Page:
Sneaky Like a Villain

Spain Colored Orange

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Sneaky Like a Villain Review

by Stewart Mason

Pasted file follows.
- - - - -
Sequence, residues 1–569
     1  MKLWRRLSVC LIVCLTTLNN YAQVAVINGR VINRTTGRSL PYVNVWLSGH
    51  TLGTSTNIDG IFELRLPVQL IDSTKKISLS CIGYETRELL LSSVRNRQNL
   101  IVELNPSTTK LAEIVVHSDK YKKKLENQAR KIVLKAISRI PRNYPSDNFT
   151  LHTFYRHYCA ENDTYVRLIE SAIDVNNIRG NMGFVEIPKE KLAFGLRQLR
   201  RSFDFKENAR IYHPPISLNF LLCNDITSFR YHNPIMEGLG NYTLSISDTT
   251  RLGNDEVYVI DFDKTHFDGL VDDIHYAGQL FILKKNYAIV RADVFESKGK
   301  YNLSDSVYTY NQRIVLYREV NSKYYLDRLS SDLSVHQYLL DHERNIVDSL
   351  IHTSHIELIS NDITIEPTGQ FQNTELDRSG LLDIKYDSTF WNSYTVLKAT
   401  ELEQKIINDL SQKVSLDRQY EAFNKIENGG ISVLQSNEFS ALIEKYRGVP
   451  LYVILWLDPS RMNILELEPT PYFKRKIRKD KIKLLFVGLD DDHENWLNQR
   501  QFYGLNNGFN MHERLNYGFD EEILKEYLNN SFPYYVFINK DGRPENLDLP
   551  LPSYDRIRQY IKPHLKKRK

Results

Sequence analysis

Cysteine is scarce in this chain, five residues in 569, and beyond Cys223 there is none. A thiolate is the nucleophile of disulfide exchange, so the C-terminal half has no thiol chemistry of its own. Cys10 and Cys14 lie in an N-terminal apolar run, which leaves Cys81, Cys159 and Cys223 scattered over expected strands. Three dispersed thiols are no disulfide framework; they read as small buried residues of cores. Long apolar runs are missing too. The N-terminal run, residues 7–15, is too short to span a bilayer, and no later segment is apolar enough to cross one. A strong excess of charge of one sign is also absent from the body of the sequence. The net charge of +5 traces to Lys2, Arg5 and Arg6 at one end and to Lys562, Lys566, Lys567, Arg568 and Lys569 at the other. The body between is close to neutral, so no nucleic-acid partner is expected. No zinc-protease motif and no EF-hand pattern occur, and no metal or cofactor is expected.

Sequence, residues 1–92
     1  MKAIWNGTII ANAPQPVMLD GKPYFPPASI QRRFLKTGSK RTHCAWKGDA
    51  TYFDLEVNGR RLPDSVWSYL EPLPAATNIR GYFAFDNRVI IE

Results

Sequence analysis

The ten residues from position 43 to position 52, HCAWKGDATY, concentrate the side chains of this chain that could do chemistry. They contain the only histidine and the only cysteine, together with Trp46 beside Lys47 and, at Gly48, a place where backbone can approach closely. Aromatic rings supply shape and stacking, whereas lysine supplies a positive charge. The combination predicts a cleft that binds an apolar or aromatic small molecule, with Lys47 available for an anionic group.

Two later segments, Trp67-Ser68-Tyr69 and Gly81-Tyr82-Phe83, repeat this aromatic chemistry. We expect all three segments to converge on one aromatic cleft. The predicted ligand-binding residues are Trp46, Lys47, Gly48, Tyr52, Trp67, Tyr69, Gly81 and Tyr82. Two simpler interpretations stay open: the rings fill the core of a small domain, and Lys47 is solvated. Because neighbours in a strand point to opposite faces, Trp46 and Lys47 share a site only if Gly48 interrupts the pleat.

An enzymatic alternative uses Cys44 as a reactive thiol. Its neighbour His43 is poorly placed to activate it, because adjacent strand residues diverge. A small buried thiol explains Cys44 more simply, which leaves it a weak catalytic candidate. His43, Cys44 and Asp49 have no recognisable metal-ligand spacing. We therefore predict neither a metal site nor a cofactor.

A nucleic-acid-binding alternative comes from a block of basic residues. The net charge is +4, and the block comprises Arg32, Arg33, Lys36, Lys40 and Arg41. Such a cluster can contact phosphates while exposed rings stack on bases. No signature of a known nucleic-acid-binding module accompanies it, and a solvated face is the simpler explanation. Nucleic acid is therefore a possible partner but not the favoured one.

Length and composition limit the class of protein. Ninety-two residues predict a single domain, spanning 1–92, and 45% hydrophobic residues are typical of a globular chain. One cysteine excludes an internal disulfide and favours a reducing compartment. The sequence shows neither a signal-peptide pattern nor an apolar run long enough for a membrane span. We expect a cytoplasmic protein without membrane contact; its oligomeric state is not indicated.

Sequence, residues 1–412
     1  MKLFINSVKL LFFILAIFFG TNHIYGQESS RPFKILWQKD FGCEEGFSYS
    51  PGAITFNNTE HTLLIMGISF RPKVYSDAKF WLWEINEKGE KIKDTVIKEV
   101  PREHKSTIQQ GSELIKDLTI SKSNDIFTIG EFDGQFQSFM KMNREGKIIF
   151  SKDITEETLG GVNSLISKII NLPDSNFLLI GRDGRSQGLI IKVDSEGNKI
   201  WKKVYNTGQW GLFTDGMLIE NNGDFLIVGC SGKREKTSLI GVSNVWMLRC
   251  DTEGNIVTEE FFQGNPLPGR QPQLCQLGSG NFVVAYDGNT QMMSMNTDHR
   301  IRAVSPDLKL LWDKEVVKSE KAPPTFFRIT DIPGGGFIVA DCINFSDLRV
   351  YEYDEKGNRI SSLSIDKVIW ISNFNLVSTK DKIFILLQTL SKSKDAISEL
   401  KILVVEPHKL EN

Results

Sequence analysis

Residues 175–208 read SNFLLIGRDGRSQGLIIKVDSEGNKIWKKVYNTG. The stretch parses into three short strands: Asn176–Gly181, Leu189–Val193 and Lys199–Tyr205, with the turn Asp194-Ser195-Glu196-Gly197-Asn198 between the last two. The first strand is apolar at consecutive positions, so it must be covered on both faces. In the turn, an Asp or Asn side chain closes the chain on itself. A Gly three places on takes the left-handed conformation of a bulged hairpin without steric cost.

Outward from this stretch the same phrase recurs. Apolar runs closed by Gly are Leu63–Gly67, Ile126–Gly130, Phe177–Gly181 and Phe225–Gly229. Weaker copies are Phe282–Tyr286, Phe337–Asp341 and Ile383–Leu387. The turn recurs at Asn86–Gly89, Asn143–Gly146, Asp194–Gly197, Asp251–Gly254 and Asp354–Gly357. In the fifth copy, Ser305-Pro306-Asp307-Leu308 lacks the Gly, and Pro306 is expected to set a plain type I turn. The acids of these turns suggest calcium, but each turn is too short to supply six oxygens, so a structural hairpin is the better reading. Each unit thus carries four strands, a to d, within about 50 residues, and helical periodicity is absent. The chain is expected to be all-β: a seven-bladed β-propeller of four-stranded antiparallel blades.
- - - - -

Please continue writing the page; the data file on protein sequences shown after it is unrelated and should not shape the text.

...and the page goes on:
Coming nearly three years after the exceptional EP Hopelessly Incapable of Standing in the Way, Houston's Spain Colored Orange have finally released their debut full-length. The EP was a bit of a tease, its seven varied keyboard and trumpet-driven songs sounding like an inexplicable but utterly delightful melding of 10cc's quirky art-pop songcraft and unapologetic '70s gloss with the meandering song structures and ramshackle arrangements of Neutral Milk Hotel or the Olivia Tremor Control. It was clever, unique, and 31 flavors of awesome. Unfortunately, however, Sneaky Like a Villain was produced by Bill Racine, a protégée of Dave Fridmann, whose production style bears perhaps too much of his mentor's influence: though Gilbert Alfaro's boyish vocals and keyboards, and Eric Jackson's piercing trumpet solos are shown to their full effect on songs like the glorious "Who Am I" and the wistful "I Remember It Was Christmas Time," too much of the rest of the album, such as "Music Box" and "Hide" bury the piano, organ, trumpet and other key elements of the band's sound in the usual Fridmann-esque blur of effects, processing, and tape hiss. It's just disappointing to hear a band whose early work was so vibrantly different than everything else that was going on at the time turn into just another set of Mercury Rev/Grandaddy clones.

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